A world is moving on and pushing America out of the picture.
Indian foreign minister Sushma Swaraj, Russian foreign minister Sergey Lavrov and Chinese foreign minister Wang Yi met in Beijing on Jan. 2 for the 13th Russia-India-China (RIC) summit to discuss how, as three countries with major influence on global affairs and with emerging domestic markets, they can work together to ensure global and regional peace and stability as well as pushing forward global economic growth.
From his 2012 presidential campaign onwards, Putin has tied his ambitions for Russia’s economy to the Russian Far East’s trade with China and the Asia-Pacific region. Relations between China and Delhi, which have at times been subject to tensions over ongoing territorial disputes, have also matured to enable mutual respect, despite the Indian press’s continuing reports on movements of both countries’ armies in northern Tibet and Indian-controlled Ladakh.
The three countries took a long time in even reaching a basic level of agreement: from 2002 until 2009, no substantial written statement was issued; at the 2009 meeting in Bangalore, the three nations only reached consensus on supply of energy resources and on a peaceful resolution to the situation in Afghanistan. In 2010, however, the three expressed agreement or similar views on several international and regional issues and agreed to develop their solid foundation in ties. It wasn’t until 2012, when Beijing and Moscow confirmed that India was capable of developing advanced nuclear technology, that talks between the three took off, which has led up to the current talks in 2015, where prejudices may be put aside and action may be forthcoming.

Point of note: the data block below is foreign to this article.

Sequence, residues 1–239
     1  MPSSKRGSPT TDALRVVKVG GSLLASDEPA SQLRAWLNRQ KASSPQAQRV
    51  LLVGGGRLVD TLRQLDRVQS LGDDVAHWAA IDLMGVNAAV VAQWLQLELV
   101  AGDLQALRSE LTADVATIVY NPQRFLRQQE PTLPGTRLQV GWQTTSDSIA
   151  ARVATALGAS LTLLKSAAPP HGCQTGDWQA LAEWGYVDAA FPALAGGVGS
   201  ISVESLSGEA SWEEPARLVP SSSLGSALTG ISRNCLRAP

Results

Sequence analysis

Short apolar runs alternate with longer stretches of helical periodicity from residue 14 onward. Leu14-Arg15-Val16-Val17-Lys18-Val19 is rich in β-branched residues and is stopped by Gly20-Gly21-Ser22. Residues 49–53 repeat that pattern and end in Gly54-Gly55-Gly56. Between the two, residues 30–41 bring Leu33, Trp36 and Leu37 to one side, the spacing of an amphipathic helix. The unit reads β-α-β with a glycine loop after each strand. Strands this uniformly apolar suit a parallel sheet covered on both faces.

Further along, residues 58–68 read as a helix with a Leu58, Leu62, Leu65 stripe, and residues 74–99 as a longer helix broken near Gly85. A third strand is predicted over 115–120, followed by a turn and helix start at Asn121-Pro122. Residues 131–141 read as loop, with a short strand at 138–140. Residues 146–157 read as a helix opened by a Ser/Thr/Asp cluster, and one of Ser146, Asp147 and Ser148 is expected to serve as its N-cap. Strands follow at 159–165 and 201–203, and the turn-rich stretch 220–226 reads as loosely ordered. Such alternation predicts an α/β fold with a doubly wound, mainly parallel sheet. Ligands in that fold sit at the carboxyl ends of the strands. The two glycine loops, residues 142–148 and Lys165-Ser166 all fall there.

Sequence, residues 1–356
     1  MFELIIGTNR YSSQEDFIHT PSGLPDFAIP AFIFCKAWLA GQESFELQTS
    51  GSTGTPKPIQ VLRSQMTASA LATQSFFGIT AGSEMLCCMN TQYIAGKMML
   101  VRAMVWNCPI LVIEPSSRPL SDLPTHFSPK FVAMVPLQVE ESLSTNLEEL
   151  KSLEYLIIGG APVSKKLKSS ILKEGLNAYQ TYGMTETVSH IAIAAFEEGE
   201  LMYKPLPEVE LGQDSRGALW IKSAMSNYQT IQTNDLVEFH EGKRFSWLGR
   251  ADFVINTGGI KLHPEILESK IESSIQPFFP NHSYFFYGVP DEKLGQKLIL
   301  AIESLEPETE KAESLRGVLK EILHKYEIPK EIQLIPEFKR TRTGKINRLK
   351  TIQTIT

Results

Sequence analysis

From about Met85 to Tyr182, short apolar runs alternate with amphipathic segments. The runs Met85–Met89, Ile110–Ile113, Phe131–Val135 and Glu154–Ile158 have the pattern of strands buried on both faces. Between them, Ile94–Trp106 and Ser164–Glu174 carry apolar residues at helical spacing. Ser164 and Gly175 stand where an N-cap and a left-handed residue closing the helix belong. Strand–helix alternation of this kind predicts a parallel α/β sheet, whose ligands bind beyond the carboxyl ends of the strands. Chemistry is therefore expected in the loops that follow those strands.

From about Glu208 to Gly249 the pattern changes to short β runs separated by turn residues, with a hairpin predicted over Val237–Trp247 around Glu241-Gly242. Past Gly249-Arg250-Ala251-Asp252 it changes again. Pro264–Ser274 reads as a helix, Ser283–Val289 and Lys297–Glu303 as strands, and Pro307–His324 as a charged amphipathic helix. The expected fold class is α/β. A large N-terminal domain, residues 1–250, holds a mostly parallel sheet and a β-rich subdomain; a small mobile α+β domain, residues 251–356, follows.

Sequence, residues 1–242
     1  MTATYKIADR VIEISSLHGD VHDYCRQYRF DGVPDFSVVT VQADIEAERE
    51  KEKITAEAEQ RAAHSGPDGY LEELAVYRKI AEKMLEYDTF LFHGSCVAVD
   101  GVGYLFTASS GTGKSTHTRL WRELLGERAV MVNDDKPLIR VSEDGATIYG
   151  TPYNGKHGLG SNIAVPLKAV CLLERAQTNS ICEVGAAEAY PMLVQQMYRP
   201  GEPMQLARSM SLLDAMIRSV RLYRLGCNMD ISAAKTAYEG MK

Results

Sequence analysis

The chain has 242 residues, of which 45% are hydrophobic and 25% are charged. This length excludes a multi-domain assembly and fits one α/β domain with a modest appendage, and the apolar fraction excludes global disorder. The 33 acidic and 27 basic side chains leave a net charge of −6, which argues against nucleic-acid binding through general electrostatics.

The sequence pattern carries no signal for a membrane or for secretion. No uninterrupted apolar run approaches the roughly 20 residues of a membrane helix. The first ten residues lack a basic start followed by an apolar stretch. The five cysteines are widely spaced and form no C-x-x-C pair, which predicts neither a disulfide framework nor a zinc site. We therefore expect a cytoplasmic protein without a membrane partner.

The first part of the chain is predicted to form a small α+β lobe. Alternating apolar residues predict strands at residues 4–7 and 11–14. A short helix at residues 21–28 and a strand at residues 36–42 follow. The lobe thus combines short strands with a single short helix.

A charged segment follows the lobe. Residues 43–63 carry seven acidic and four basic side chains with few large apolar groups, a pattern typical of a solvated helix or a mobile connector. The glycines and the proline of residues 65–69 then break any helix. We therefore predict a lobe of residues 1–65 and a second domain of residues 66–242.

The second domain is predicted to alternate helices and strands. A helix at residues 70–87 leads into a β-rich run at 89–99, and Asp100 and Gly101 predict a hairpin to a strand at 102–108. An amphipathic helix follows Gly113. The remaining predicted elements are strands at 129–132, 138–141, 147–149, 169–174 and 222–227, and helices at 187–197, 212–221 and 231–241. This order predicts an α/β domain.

The triangle between Russia, China and India has long been referenced by bureaucrats in Moscow bureaucrats like former Russian prime minister Yevgeny Primakov. Although former deputy speaker of the Duma Vladimir Zhirinovsky, with his reputation as a showman, wrote in his book The Last March South in typical bombastic form that he yearned for a time “when Russian soldiers can wash their boots in the warm waters of the Indian Ocean and switch to year-round summer uniforms,” implying the Russian annexation of Afghanistan, Iran and Turkey and the occupation of the Persian Gulf and the Mediterranean, since the appearance of the Shanghai Cooperation Organization, rhetoric among bureaucrats in Russia has been toned down and Russia has appeared more willing to take India under its wing, which might give Russia a leadership role which would skew three-party ties.
Clearly, there is still a minefield to maneuver through in terms of diplomatic relations, but it seems that after 13 years of hard work, cooperation between the three countries is starting to bear fruit and China will no longer be alone in its attempt to bridge Eurasia, with its “One Road, One Belt” plan.
Full article: Signs China may ally with India and Russia after Beijing summit (Want China Times)